I loved Ridley Scott's The Thing but heard next to nothing about it aside from the fact that Harrison Ford was going to be it. It was a toss up what movie to see that weekend first but with a bigger body of work and more familiarity with Carpenter, I went to see The Thing with a high school buddy.

Oh my gosh, what a terrifying movie! I was very familiar with Kurt Russell from his Disney to Elvis days and after Escape from New York, it likely tipped the balance in favour of The Thing. And what a movie! Loved the setting, the cast, the music, the writing and suspense and yes, the horror. The special effects were truly scary and this was when things had to be done without a computer. In many ways it felt more real and terrifying.

I saw Blade Runner a week later and it was like nothing like I'd ever seen. It wasn't the cold antiseptic future many earth bound sci-fis portrayed. This was a messy, dark, wet, corrupt and frightening. It was a full realized world and Harrison Ford is tired and dogged detective and narrator. And the ending. It left even director and actor years later debating what in fact it meant. Amazing film.

Even with what was two of the more influential sci-fi movies of all time on the same weekend in the same summer, they both flopped to the E.T. juggernaut. By late 1982/early 1983, the amount of Canadians homes to have a VCR exploded and the mom and pop video stores were everywhere. This is where movies like The Thing and Blade Runner found a new life, success and critical claim.

I have seen both films numerous times over the years but I can say this: I have only seen E.T. twice. I saw it in theatres that same summer and later as a video rental and never again. It was a very good film but there really was not much more I could get out of it.

It is easy to see why a movie that appeals to families would dominate an entire summer. It is very fortunate that the video market allowed for overlooked films to get a second chance.

Blade Runner 2049 was a very good film but unlike Ridley Scott's original, it didn't break any new ground in the look and feel that turned out to be so influential. And it was long which meant getting to the part where our protagonist meets Harrison Ford takes a while. I liked the movie but it is easy to see why one again such a film would do poorly at the box office.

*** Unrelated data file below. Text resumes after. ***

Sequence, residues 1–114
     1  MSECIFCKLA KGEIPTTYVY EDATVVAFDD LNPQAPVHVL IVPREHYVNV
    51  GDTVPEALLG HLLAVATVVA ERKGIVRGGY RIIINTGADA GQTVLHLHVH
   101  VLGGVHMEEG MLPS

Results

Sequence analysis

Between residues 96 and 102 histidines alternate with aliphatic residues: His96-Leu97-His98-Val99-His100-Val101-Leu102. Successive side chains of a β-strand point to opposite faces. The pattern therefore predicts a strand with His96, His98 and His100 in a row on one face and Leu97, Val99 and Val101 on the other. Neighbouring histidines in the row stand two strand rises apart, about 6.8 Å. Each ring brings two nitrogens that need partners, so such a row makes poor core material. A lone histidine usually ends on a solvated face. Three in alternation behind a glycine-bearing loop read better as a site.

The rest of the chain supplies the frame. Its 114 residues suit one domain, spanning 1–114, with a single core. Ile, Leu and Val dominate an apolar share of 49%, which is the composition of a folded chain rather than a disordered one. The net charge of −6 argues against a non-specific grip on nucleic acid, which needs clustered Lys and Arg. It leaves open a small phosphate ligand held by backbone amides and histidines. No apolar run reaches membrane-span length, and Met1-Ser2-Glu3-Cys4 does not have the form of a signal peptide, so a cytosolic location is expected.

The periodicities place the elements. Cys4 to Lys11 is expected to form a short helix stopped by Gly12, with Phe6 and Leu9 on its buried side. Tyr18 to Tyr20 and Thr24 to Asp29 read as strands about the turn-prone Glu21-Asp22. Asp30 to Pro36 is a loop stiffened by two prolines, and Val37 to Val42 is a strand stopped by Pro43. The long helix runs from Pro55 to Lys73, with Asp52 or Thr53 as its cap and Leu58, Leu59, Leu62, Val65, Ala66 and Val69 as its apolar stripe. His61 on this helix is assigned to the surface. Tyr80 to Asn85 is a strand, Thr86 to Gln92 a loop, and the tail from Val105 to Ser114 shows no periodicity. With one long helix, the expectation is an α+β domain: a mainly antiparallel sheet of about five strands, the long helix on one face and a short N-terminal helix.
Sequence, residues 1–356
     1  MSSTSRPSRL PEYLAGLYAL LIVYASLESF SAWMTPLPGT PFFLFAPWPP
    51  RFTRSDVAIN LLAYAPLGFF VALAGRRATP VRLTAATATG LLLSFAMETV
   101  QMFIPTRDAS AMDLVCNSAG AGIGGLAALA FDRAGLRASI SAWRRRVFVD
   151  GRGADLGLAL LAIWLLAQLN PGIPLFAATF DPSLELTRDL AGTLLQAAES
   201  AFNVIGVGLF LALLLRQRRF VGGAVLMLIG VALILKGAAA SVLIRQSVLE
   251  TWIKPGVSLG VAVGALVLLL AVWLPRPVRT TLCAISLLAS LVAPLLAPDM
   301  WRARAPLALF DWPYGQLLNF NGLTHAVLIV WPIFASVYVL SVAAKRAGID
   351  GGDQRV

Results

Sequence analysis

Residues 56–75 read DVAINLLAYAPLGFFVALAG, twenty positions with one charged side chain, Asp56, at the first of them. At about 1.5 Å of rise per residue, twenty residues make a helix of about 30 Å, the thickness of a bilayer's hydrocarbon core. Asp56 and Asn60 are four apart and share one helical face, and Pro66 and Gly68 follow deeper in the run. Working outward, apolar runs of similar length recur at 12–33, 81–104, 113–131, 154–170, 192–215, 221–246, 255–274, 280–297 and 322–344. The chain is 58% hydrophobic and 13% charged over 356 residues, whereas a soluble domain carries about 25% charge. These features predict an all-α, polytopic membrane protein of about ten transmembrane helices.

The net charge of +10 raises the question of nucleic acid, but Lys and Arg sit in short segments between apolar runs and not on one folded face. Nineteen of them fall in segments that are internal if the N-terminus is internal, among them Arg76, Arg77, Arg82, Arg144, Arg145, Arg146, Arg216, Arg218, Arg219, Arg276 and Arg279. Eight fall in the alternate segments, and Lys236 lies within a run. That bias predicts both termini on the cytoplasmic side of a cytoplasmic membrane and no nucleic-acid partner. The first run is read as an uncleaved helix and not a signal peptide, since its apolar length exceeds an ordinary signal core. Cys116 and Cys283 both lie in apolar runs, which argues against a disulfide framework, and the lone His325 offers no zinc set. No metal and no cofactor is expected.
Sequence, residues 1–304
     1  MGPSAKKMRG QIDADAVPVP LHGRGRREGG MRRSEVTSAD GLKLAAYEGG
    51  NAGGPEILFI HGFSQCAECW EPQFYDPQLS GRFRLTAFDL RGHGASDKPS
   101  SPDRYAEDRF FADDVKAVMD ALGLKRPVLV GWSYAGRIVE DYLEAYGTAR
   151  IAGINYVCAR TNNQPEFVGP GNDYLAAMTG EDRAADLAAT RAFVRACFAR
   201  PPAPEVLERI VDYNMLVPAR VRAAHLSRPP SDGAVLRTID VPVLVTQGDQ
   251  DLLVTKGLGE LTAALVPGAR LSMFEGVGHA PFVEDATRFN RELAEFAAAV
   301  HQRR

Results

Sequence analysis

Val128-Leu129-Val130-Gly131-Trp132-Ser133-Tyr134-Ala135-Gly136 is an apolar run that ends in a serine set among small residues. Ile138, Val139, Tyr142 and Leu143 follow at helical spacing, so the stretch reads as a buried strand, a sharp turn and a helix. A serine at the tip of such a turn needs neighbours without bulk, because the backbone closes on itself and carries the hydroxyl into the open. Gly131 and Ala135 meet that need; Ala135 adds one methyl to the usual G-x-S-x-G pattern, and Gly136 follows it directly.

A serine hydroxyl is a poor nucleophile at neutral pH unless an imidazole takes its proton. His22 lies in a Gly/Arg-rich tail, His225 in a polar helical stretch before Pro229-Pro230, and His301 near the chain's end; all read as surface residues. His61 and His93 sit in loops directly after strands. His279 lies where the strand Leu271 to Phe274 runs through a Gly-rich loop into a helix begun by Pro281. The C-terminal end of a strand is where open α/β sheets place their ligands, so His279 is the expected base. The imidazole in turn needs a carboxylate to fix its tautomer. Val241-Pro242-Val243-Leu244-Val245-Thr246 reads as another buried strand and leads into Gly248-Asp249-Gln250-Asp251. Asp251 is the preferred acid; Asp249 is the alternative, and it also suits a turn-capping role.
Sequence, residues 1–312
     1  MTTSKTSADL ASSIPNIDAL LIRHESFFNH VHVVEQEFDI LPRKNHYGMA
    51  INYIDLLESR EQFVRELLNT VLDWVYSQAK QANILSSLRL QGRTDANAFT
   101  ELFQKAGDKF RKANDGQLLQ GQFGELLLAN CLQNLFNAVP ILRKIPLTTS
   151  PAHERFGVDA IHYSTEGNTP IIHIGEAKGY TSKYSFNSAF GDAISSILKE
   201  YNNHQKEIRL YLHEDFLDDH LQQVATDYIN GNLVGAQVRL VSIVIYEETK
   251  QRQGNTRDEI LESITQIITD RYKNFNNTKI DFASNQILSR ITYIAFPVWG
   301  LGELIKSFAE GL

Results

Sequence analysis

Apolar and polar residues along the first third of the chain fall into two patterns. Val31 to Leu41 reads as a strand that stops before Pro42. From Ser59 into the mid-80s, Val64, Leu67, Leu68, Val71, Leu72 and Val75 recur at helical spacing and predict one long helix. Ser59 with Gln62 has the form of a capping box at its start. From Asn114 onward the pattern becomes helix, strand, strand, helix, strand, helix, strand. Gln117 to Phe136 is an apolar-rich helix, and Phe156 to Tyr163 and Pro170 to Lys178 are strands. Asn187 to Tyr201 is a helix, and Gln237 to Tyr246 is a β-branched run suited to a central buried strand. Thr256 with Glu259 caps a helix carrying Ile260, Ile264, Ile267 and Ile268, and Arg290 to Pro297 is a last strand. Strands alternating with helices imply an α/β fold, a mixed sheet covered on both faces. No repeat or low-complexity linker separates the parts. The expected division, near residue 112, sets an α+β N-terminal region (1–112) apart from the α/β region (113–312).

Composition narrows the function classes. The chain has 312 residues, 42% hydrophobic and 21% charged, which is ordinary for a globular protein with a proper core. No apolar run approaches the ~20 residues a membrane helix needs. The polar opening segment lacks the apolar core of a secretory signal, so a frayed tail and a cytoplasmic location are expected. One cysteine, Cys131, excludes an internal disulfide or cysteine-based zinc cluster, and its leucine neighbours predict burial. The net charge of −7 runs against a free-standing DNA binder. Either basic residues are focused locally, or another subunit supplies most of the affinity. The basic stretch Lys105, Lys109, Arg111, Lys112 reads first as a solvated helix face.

As a last note, a film was done as a prequel to The Thing. It was also very good but travelled down the same worn path of the original like an overlay. It was also a critical and box office failure.

It should be noted that both Carpenter and Scott were not trusted by the studios. After The Thing Carpenter lost a studio gig for Firestarter as well as his confidence. Scott took nearly three years to get Legend produced and like Blade Runner had it edited to a version that was far from his vision. This just goes to show both directors took a while to be recognized for work that are now regarded as classics.

Media is fractious nowadays. Even big tentpole movies can be overlooked. It is no wonder that even small works get plowed under. Netflix has helped with re-discovering old TV series and movies. In 2019 the field competing with Netflix grows as Disney and Warner brothers join the competition. However, let's hope that some movies get a second life via a re-thinking or word of mouth or by sheer chance like The Thing and Blade Runner did.